The number of cases is essential, not only for the resection technique itself but also for interdisciplinary complication management and further therapeutic decisions. In my opinion, referral centers with certified qualifications in GI malignancies are the way forward.

Ebigbo

High volume centers usually perform better in all aspects of patient care and outcomes. Interventional endoscopists should undergo training in such centers. Case load is highly relevant for the quality of treatment and highly specialized procedures must be limited to referral centers. Centers not able to achieve a particular case load should not be approved for such complex treatment modalities.

Pioche

In our center, endoscopic resections are shared with trainees, who perform ca. 20% of the cases (the others are too difficult). Therefore, we think that a minimum of 100 ESDs per year per center is required to allow for an adequate training. Referring to high volume centers with expertise seems mandatory but is not clearly defined yet.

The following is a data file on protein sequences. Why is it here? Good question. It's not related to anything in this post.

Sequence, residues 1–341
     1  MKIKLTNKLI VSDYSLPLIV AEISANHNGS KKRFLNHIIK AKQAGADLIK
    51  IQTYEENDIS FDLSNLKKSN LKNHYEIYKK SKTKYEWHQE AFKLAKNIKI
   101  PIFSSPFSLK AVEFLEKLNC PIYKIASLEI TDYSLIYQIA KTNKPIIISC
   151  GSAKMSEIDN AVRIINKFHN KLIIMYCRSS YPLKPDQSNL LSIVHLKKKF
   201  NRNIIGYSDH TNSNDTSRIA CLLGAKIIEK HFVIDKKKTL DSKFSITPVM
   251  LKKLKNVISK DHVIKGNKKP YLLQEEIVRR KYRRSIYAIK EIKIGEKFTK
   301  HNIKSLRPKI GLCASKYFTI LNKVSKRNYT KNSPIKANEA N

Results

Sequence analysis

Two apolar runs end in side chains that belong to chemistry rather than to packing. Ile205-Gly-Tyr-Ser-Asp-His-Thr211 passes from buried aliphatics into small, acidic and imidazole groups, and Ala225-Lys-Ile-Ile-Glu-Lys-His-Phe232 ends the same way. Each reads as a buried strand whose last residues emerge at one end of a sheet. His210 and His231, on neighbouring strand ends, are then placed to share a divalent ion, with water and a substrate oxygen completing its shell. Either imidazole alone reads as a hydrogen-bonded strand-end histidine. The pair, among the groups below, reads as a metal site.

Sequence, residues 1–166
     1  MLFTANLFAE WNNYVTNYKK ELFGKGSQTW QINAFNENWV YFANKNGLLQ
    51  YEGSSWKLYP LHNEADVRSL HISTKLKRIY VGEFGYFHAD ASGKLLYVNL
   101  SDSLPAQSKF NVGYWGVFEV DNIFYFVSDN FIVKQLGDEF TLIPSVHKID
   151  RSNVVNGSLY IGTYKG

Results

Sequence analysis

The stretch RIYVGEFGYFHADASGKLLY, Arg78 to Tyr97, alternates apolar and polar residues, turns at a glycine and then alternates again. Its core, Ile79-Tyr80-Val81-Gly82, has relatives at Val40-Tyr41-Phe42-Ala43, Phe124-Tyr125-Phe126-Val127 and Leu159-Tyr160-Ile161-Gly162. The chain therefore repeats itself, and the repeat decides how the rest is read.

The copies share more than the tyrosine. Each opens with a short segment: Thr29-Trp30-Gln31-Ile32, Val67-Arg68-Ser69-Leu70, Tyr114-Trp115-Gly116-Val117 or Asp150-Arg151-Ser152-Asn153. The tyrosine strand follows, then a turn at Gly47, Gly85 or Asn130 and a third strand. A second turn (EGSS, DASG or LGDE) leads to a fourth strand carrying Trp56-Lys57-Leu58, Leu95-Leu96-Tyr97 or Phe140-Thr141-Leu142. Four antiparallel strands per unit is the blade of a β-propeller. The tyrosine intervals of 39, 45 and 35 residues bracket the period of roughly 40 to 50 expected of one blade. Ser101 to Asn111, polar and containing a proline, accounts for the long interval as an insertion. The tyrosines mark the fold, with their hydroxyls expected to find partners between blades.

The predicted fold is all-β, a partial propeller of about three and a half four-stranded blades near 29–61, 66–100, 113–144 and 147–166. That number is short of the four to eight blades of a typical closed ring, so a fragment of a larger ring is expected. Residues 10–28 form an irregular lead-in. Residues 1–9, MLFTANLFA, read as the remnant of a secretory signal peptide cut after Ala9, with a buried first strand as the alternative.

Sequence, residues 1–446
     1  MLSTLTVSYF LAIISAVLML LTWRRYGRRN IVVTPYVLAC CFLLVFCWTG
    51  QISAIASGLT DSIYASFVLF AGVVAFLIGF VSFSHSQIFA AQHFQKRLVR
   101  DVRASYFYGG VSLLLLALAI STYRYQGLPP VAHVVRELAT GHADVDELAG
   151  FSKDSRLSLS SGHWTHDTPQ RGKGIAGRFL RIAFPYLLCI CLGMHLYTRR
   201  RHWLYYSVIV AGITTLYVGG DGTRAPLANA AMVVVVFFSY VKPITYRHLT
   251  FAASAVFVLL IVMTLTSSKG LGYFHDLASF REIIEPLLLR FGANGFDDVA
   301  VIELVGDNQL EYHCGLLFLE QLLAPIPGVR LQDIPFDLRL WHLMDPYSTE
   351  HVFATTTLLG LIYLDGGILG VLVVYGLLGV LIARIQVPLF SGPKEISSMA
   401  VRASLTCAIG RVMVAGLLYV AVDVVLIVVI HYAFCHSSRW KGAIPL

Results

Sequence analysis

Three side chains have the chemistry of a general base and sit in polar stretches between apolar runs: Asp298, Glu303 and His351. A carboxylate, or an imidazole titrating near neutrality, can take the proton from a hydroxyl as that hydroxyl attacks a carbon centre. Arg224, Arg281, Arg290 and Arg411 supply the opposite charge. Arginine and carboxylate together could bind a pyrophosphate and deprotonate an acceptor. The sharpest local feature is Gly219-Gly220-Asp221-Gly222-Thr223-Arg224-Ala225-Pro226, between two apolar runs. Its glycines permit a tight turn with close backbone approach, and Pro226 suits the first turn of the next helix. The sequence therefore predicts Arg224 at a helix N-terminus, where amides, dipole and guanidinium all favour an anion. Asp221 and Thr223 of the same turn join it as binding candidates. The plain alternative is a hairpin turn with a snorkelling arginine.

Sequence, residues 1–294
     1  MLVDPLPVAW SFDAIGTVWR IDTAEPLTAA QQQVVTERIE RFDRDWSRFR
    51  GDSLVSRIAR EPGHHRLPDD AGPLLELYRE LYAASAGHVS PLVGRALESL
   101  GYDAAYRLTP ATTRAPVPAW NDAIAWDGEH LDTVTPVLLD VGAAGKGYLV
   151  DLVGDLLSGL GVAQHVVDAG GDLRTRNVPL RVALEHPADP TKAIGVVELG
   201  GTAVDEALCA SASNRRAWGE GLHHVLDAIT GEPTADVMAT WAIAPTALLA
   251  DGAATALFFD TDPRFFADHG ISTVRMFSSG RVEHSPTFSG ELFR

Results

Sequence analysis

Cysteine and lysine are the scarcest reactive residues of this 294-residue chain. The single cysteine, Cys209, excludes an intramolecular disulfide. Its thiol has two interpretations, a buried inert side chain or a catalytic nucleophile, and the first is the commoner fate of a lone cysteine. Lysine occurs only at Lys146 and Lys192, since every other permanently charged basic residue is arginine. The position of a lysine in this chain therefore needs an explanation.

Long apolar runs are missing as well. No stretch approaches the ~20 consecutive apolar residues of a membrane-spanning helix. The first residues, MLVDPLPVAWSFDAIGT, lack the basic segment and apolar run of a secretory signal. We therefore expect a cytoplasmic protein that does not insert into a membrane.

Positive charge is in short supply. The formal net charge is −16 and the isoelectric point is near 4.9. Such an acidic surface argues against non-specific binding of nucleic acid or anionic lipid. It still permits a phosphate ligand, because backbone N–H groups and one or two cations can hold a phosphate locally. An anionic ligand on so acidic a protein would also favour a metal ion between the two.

Schmidt

Studies have clearly shown that caseload for complex procedures like ESD is important to ensure quality. Pooling cases in referral centers will be necessary in the future to ensure optimal patient care. National societies (or politics) may define minimum quantities for complex procedures as it was already done in visceral surgery (e.g. for esophageal resection).

Yahagi

Enough case volume is necessary to keep good clinical outcomes. Especially for ESD, at least 100 cases/year (around 2 cases/week) would be needed to serve as an advanced care center. Actually, we usually have 600–700 ESD cases/year, including very challenging cases at Keio University Hospital; therefore, we can keep extremely high levels of performance.